“Now, instead of planting our solitude with our own dream blossoms, we choke the space with continuous music, chatter and companionship to which we do not even listen. It is simply there to fill the vacuum. When the noise stops there is no inner music to take its place. We must re-learn to be alone.”Anne Morrow Lindbergh, Gift from the Sea
Yes, I see the irony in talking about solitude at a time when our world is unitedly canceling social events and anything that has to do with other people. But just being alone is not solitude. Even quarantined to our homes, we have relentless opportunity for distraction and noise and the constant lure of “but what are other people doing, thinking, reacting?”
No. We were not created to be alone. But I dare say we were also not created to be so together that we don’t know how to be alone anymore.
I have said many times to other people how external forces like being an expat in a foreign country and motherhood have indirectly led me to create a very small social circle around my weary body. Now keep adding more children to the mix and I feel like my circle looks like I’m tracing my shadow at noon. Anytime I go beyond the lines, my body triggers that I need to do something to catch my breath.
Being vulnerably honest about my own personal limitations and being creative to accept what a breath of fresh air can look like have completely rewired my brain. It need not be a trip to a coffee shop for 2 hours to be a moment of grounding solitude. I want to gently comfort you that it can be made available to everyone in any moment. We do not need a car, coffee shop and music in our ears to catch our breath. We actually don’t even need to be physically alone every time. We need acknowledgement about who we are, and a creative mind to find the oasis where we are.
“In life’s stillnessRosie Wisniewski, A Sweet Repose – Hello Poetry
So sweet in repose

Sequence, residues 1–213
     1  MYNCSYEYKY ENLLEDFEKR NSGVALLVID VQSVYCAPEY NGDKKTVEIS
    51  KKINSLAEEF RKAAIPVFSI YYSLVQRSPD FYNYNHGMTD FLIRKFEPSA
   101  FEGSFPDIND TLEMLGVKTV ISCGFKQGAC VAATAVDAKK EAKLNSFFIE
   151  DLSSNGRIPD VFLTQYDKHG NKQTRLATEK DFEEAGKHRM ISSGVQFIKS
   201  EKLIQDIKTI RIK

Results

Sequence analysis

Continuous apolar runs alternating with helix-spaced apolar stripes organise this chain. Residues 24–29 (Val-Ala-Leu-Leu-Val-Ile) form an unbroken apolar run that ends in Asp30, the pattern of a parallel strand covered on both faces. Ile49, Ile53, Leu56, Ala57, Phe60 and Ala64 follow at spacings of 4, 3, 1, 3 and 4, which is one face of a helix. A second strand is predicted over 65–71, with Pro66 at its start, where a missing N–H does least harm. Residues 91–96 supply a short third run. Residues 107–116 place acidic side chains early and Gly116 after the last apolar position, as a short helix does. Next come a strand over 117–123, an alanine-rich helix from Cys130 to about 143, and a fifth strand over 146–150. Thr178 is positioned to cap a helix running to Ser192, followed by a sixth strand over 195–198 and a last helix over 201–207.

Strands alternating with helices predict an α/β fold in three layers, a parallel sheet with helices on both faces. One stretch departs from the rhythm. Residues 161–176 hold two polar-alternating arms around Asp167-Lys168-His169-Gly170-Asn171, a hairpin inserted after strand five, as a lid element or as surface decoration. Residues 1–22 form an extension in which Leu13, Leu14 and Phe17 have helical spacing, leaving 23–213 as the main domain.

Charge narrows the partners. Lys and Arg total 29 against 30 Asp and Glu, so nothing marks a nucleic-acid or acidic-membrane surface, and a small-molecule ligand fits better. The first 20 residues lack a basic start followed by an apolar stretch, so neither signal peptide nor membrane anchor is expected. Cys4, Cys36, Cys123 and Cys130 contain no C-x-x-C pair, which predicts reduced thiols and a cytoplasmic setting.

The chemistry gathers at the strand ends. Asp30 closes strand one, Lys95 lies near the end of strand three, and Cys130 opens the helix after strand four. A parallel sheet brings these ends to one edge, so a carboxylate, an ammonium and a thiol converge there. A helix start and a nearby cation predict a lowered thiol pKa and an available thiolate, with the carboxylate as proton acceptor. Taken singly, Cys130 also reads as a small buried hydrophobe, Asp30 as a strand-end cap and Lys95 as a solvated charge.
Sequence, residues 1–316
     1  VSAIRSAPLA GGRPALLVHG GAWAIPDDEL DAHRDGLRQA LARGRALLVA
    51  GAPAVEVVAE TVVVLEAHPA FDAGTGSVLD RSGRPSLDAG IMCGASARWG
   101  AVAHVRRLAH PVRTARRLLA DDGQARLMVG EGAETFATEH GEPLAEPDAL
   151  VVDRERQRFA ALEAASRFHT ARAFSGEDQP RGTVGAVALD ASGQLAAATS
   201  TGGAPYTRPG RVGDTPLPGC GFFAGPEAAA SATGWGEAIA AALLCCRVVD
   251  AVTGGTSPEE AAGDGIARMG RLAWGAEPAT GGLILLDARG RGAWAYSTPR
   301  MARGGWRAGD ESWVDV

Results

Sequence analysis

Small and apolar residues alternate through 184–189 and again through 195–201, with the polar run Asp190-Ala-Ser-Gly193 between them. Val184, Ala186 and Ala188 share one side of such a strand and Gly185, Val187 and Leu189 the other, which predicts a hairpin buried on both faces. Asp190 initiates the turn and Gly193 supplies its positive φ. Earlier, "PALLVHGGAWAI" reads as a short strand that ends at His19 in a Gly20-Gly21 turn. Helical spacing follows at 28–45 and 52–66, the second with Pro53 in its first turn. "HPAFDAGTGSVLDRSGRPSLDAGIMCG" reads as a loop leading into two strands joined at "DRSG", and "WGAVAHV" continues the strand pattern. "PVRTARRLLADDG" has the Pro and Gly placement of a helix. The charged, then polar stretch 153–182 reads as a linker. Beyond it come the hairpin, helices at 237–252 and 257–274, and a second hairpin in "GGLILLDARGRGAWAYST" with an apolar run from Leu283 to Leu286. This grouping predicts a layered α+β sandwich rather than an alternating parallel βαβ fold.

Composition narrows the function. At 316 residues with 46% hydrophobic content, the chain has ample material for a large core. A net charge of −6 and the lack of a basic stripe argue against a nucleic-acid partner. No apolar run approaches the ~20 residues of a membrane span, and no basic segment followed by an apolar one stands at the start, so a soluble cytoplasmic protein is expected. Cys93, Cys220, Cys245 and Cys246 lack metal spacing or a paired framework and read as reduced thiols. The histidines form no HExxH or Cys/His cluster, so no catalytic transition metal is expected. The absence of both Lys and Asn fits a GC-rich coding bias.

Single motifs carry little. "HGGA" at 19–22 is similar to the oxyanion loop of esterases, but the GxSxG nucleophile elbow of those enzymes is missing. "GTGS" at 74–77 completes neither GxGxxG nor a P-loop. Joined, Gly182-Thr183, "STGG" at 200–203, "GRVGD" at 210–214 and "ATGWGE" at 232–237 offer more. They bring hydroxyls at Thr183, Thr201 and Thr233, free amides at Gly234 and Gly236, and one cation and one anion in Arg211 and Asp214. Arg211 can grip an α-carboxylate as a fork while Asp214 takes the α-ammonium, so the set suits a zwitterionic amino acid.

Renewing and filling your lungs
…Take a breath in and wait
It’ll be okay.
In this moment so still and stagnate
But, not stuck
Just paused, soon to move on”
We need not romanticize this pause in our day to be alone with our thoughts or be alone in a moment. Feeling cold grass under your feet while you look up at the trees requires only your presence. Laying on your back and watching as the clouds morph from strips into blobs requires only your presence. Sitting for at least 15 seconds as a wallflower to marvel at your children deep in play requires only your presence. I know saying only your presence feels like an offering as big as the world sometimes. But be brave, look at your task list for a hot minute and say “QUIET!” (audibly if you must).
If we allow the “amputation” as Lindbergh refers to it, even for a moment, life comes back to us fuller and richer in ways that the constant consumption of other lives and entertainment could never offer. She further notes that “even daydreaming was more creative than this [entertainment/social media] because it demanded something of oneself.”
I leave you sweet friends with this continued thought from Lindbergh’s Gift from the Sea. May we become comfortable in this time of tension where we long for people but also long to know ourselves. Let’s sit here in this space together and allow life to rush back at us moment by moment. Not in an overwhelming tidal wave, but like a waterfall that we can marvel at.
“It is not the desert island nor the stony wilderness that cuts you from the people you love. It is the wilderness in the mind, the desert wastes in the heart through which one wanders lost and a stranger. When one is a stranger to oneself then one is estranged from others too. If one is out of touch with oneself, then one cannot touch others.”Anne Morrow Lindbergh, Gift From the Sea